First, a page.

Serial Transfer Problem - Data is Lost

Hi everyone,

Here’s what I’m trying to do:

piano —(usb)—> computer —(usb)—> Arduino UNO —> LED strip

Basically, I play a piano and an LED strip illuminates the active notes.

Problem:

It works fine, until I play a chord (+ ~4 notes concurrently). Example: if I play a 7 note chord, sometimes only 5 LEDs light up (missing 2 notes). My controller software (on the computer) is receiving 100% of the note data from the piano, but it gets lost after I write to the Arduino serial port.

What I tried:

increasing the baud rate
increasing poll rate (on the controller) < 1ms
implementing the controller in ruby, python, and c++ (no change)

Implementation:

Each byte sent to the Arduino is the positional value of a note. The last bit indicates whether the note is ON, or OFF(0,1). So:

10000010 = note 2,OFF
00000010 = note 2,ON

Arduino code:

#include <Adafruit_NeoPixel.h>
#define PIXEL_COUNT 250
#define PIN 6

Adafruit_NeoPixel strip = Adafruit_NeoPixel(PIXEL_COUNT, PIN, NEO_GRB + NEO_KHZ800);

int color[3] = {255, 255, 255}; // default to white  

uint32_t output_color() {
 return(strip.Color(color[0], color[1], color[2])); 
}

void setup() {
 Serial.begin(115200);
 strip.setBrightness(10);
 strip.begin(); 
 strip.show();  
}

uint32_t clr = output_color();

void loop() {
 if(Serial.available()) {
   int ledPosition = (int)(Serial.read());

   if ((ledPosition >> 7) & 0x01) {
     strip.setPixelColor(ledPosition ^ 128, 0); // turn OFF LED
   } else {
     strip.setPixelColor(ledPosition, clr);  // turn ON lED
   }
   strip.show(); 
 }
}

Update:

I added some logging to the Arduino: Serial.write(ledPosition);

It confirms that the data is lost before updating the LED strip. Example: I play a 9 note chord, and only 7 notes are logged.

Perhaps my Macintosh processor is failing to send this data? Or the Arduino is receiving it, but it's not getting into the buffer for some reason?

:frowning:

Updated loop with logging:

void loop() {
  if(Serial.available()) {
    int ledPosition = Serial.read();
    
    Serial.write(ledPosition);   // log to terminal:   notes are missing at this point

    if ((ledPosition >> 7) & 0x01) {
      strip.setPixelColor(ledPosition ^ 128, 0);
    } else {
      strip.setPixelColor(ledPosition, clr); 
    }
    strip.show(); 
  }

Comment out out all these lines and see if you are still missing data.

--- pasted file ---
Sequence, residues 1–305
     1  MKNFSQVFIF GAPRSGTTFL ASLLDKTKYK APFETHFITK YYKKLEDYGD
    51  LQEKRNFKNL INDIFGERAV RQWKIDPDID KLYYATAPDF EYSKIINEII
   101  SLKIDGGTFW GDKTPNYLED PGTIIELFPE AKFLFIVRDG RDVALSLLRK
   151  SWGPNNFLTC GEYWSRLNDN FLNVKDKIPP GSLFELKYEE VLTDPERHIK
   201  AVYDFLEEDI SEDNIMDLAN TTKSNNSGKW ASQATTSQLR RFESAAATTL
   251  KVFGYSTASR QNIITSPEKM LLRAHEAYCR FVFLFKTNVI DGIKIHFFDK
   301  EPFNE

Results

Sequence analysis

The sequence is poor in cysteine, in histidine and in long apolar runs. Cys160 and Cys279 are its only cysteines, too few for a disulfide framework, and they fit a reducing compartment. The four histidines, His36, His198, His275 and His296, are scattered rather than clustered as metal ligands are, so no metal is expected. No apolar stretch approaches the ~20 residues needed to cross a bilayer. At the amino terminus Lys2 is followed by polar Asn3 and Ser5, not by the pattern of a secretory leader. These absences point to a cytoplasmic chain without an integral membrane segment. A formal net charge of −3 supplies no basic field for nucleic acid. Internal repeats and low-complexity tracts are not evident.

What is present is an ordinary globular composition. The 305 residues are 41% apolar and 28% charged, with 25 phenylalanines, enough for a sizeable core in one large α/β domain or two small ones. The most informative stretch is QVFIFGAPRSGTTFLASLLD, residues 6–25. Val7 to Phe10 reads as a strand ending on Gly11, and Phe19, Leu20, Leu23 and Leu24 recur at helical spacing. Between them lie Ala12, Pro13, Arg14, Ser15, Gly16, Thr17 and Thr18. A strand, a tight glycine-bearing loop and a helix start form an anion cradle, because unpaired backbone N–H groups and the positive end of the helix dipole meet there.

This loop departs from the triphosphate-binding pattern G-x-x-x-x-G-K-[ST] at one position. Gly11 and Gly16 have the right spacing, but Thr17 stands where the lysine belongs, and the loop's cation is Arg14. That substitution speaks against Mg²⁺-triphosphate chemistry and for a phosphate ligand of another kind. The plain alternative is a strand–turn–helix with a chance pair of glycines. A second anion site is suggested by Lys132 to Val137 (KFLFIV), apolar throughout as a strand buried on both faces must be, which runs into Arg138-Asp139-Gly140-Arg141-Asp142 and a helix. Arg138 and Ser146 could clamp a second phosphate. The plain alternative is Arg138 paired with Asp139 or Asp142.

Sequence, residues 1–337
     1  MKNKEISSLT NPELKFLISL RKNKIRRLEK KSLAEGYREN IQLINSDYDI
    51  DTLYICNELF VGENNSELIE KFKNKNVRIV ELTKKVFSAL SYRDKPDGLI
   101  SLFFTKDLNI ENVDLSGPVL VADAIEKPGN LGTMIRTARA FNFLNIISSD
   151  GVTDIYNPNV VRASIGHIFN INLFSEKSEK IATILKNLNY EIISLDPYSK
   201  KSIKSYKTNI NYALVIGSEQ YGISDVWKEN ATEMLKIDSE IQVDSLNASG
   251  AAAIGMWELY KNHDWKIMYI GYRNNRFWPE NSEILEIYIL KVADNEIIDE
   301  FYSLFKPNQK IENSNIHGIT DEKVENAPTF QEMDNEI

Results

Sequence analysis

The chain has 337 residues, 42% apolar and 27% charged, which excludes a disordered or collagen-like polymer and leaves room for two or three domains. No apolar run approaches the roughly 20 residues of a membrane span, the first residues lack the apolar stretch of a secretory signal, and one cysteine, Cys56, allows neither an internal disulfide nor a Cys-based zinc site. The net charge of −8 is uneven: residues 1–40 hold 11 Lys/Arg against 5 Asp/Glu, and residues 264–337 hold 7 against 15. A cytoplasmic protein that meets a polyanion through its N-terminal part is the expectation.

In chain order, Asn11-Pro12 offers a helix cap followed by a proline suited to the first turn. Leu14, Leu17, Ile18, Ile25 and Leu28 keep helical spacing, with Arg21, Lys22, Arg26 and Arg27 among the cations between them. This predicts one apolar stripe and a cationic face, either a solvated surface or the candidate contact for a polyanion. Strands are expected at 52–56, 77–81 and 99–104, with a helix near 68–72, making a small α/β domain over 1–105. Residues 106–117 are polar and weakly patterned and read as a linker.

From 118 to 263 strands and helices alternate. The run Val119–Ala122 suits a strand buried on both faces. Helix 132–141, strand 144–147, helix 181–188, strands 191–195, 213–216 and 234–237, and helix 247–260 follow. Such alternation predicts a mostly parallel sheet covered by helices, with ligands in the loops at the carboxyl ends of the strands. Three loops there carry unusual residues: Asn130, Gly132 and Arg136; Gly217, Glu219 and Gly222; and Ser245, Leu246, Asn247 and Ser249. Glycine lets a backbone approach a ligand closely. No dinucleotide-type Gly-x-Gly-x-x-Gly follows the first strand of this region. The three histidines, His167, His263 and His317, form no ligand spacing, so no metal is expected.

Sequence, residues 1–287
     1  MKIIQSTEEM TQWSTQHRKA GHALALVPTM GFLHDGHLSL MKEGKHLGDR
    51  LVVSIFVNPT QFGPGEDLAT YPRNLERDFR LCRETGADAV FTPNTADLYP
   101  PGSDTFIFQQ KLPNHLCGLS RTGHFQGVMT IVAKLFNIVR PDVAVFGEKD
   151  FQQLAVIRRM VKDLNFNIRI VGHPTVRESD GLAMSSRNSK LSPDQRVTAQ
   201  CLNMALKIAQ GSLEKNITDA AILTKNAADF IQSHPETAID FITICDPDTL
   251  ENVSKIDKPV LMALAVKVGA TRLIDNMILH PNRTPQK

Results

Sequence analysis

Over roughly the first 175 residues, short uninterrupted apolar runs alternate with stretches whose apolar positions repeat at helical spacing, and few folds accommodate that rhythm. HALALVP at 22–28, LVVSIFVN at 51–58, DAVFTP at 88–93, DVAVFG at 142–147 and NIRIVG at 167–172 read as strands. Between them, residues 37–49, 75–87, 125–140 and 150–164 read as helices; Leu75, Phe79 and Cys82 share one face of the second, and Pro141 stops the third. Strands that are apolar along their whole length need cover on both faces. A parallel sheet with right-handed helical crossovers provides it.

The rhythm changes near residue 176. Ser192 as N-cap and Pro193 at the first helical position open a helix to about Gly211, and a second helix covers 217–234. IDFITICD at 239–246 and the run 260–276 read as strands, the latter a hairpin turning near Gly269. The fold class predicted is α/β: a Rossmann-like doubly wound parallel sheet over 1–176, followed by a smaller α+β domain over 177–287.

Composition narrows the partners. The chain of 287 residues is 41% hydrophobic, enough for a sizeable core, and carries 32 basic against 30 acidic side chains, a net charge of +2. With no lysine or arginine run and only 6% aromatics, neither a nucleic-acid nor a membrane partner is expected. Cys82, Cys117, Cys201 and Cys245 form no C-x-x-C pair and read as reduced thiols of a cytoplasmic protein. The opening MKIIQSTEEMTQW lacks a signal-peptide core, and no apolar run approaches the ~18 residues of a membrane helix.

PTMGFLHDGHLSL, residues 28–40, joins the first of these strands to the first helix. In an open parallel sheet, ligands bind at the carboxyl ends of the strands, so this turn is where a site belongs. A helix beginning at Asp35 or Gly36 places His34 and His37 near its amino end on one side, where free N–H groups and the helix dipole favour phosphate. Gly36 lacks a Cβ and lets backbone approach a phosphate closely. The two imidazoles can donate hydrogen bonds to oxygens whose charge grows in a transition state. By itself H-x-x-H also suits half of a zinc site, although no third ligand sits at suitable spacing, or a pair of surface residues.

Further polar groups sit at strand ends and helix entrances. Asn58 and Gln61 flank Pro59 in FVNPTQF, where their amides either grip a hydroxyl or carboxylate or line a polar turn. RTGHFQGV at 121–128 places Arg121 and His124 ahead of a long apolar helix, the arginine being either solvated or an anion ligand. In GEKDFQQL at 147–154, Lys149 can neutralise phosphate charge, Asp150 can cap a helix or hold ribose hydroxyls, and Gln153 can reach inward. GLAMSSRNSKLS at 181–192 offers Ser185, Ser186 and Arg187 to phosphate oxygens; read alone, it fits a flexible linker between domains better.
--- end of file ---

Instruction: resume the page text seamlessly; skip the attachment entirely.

My guess is that the strip() functions are too slow - but I have never used them myself

If the data is all there when the strip() functions are inactive then re-enable the code line by line to see which line causes the problem.

Have you tried a higher baud rate? An Uno will work happily at 500,000 baud.

Also, while the data is being sent in a very simple way it is not a reliable way. Have a look at the examples in Serial Input Basics - simple reliable ways to receive data. There is also a parse example to illustrate how to extract numbers from the received text.

The technique in the 3rd example will be the most reliable.

You can send data in a compatible format with code like this - the technique can be adapted to any programming language

Serial.print('<'); // start marker
Serial.print(value1);
Serial.print(','); // comma separator
Serial.print(value2);
Serial.println('>'); // end marker

Your PC program seems to be sending data one byte at a time. Is it possible for multiple key-presses to send all the relevant bytes in a single message? I think if this was my project (and keep in mind that I an not a musician) and if the maximum number of key presses at any one time is 10 then I would send 10 bytes every time even if most of them were 0.

…R

That neopixel library heavily uses interrupts. If you receive more than one byte during the interrupt, data is lost. You cannot use neopixels and serial communication at the same time on an Arduino UNO. You could use a Teensy, and use one of the other UART peripherals for the Neopixels, or you could use a different type of addressable LEDs.

Pieter

    int ledPosition = Serial.read();

If you KNOW that there is data to read, as you do because you only call read() when available() returned a positive value, then the byte that you actually read could be stored in a byte, saving the overhead of manipulating a 2 byte variable when only one byte contains useful data.